A business could pay their employees time-and-a-half for overtime work, raise their employee’s salary above the new threshold, or limit employees to work no more than 40 hours per week.
Business organizations, along with a lawsuit filed by 21 states against the rule change, deride the move as harmful to business growth and an overreach by the DOL. They claim the rule will force businesses to reduce employee’s hours, cut benefits, convert salaried employees to hourly wages and require everyone to punch the clock.
“Honestly, that’s the only way you’re going to really protect yourself,” said Bacon about having every employee track their hours. She recommends requiring every employee punch the clock, exempt or not.
For employees very close to the threshold, it likely makes the most sense to just bump their salary up to that $47,476 mark and keep their exempt status.
For an employee with a relatively low salary, it might make more sense to convert them to an hourly wage and just deal with the overtime wages.
But Bacon warned that this could have an effect on employee morale, looking more like a demotion than a restructuring of compensation. Converting to hourly wages may also strip employee benefits.
Businesses may choose to hire another employee to take some of the tasks that previously went to someone who worked 50-hour weeks, bringing everyone down to the 40-hour week that would not require overtime.
While the rule change has significant impact on almost all businesses in the country, seasonal businesses such as those in the tourist industry in Door County have a unique struggle.
Many employees of these businesses work more than 40 hours per week in the summer and fewer than 40 hours per week, or not at all, in the winter. Long summer shifts are accepted given the extra time off through the winter months. While an employee might work an average of 40 hours per week looking at the year-round total, the new overtime rule does not allow for that seasonal exception.
“If they are exempt from overtime… then it doesn’t matter. They can work 60 hours in the summer and 30 hours in the winter, if they’re exempt from overtime,” said Bacon. “If they’re not exempt from overtime because they don’t meet all of those three [salary and duties tests], you have to pay them the overtime in the summer.”
Business owners commenting on the policy when it was first released in May questioned the ability of using creative ways to keep their payroll costs the same. One way is to convert employees to an hourly wage and then lower that hourly wage to compensate for the time that will surely be spent over 40 hours. But a disgruntled employee might bristle at the idea of first being shifted to hourly and then receiving a lower hourly wage, even if it means the same income in the course of the year.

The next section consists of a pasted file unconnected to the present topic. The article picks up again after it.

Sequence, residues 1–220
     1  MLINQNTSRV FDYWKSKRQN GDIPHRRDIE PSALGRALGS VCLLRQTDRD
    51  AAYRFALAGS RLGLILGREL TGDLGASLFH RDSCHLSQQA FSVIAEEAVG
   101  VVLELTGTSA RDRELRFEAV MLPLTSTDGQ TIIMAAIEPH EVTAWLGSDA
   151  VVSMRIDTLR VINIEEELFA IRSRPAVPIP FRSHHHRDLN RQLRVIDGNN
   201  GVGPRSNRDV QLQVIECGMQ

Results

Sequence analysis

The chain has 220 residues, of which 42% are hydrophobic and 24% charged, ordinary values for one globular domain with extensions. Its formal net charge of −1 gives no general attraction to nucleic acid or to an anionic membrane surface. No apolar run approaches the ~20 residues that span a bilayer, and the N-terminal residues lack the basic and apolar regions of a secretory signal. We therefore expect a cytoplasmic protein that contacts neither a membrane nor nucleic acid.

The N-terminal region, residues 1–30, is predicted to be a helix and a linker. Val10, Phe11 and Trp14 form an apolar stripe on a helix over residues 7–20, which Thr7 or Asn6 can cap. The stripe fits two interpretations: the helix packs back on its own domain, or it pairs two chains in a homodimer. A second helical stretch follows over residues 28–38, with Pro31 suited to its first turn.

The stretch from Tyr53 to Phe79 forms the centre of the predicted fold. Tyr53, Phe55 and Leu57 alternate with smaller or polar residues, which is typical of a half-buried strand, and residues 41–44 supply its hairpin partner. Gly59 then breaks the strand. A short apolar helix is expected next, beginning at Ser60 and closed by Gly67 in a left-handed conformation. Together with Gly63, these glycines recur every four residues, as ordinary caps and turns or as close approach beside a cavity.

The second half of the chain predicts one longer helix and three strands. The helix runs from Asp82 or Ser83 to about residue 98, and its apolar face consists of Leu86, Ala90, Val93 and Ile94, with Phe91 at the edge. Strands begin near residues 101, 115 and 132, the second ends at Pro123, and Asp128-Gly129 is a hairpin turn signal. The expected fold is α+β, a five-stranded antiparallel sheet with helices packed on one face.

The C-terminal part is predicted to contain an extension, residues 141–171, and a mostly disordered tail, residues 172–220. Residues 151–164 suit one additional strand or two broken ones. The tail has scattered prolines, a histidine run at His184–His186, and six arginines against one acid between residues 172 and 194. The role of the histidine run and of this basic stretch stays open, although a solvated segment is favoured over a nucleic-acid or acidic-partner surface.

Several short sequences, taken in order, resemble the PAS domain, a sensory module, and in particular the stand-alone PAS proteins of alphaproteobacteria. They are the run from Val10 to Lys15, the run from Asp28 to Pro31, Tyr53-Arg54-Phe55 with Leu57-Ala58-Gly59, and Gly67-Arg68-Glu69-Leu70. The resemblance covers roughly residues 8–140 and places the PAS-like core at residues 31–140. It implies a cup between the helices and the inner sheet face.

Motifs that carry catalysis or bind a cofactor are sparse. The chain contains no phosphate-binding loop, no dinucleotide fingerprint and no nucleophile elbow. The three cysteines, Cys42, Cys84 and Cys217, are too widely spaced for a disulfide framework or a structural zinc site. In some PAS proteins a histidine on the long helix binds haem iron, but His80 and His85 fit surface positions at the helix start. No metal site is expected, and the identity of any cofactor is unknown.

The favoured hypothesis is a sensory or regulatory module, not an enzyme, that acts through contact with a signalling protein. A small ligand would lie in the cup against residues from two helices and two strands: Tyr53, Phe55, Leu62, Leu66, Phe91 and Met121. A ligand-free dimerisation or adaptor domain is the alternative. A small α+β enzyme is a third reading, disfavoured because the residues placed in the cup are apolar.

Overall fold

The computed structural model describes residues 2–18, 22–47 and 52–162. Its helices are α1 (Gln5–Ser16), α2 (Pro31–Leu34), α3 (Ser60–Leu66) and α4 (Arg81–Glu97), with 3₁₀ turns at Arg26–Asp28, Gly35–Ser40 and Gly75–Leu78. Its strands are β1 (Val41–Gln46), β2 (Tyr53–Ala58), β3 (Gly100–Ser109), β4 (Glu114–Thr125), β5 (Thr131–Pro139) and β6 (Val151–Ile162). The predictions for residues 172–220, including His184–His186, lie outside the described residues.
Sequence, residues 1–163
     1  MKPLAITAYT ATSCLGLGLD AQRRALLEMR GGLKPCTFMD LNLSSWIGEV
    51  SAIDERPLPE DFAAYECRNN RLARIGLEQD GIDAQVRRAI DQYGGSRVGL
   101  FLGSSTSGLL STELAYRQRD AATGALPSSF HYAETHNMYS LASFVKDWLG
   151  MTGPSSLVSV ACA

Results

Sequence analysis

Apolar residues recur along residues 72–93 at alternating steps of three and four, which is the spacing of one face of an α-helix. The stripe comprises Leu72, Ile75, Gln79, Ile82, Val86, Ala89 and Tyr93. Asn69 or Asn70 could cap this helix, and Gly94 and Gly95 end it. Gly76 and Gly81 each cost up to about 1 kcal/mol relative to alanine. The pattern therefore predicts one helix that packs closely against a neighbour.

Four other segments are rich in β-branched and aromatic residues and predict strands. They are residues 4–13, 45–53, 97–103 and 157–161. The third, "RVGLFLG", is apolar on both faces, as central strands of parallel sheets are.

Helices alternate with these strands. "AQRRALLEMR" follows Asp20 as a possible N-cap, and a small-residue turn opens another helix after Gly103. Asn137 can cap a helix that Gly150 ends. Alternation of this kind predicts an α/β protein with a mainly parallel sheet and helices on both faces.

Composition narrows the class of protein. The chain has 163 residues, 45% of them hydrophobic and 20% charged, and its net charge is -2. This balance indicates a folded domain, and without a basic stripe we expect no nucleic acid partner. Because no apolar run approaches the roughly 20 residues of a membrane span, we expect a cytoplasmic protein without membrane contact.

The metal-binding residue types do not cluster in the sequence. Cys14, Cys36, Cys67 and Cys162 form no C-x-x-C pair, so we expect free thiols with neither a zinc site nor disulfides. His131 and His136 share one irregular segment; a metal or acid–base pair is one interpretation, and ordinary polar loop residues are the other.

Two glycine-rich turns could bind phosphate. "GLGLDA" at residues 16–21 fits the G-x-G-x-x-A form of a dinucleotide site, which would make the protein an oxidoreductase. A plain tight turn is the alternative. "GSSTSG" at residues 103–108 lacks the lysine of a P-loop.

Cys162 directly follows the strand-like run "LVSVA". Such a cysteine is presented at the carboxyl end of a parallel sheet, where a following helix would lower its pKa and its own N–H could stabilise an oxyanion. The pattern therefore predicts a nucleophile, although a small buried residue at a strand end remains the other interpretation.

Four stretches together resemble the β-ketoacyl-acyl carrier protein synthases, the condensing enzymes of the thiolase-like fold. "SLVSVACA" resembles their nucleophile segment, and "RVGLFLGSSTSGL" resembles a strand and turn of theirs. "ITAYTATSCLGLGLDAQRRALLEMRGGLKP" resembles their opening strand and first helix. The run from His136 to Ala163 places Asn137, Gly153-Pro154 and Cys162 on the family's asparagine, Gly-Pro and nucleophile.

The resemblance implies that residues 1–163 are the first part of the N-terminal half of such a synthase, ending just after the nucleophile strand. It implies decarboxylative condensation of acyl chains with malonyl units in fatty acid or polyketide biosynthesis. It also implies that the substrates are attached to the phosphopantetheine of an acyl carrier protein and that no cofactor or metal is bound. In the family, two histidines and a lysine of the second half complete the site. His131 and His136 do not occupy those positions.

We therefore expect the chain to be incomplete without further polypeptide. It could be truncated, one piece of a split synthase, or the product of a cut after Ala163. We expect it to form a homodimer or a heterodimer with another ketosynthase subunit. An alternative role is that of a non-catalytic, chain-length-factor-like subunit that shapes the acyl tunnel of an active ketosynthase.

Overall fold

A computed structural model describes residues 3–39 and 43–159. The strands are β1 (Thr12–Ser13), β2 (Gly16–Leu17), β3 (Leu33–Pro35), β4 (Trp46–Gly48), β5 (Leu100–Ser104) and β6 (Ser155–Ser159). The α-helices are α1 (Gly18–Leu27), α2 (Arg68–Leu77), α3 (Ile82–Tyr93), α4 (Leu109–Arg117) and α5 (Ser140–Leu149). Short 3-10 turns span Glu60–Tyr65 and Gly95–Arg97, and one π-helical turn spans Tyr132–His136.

The DOL also prohibits any payment structure that has the goal of avoiding the overtime requirements. While enforcement is primarily on a reported basis, it takes little more than an upset employee to bring officials to the front door.
Bacon also noted that compensatory time is not legal in the private sector. A business cannot promise time off next week for overtime hours worked this week. If an employee punches more than 40 hours in one week, they must be paid overtime, no matter how much time off they get at another point in the year.
No Turning Back Now
“Is this just another government agency that’s passing laws that aren’t legitimately passed?” said Cap Wulf at Bacon’s presentation.
Wulf echoes the belief of many businesses and the 21 states across the country that have filed a lawsuit against the DOL claiming that the new rule is illegitimate since it didn’t go through the traditional legislative channels.
But the prevailing opinion is that the DOL and the president have the authority to change the salary threshold. The change does not have to go through the legislature because it is simply a change to a law, not a new law itself.
“No change in interpretation of the duties test, no change in the salary test,” said Bacon. “Nothing that I covered except that $24,000 versus $47,000 is really new law. That’s the only thing that would change.”
Obama vowed to veto any bills that arrived on his desk to stall or repeal the change in salary level, some of which have already been attempted.
While the new president will have the power to change the rule again, they won’t be able to do so by the time it goes into effect on Dec. 1, leaving businesses with no choice but to adapt.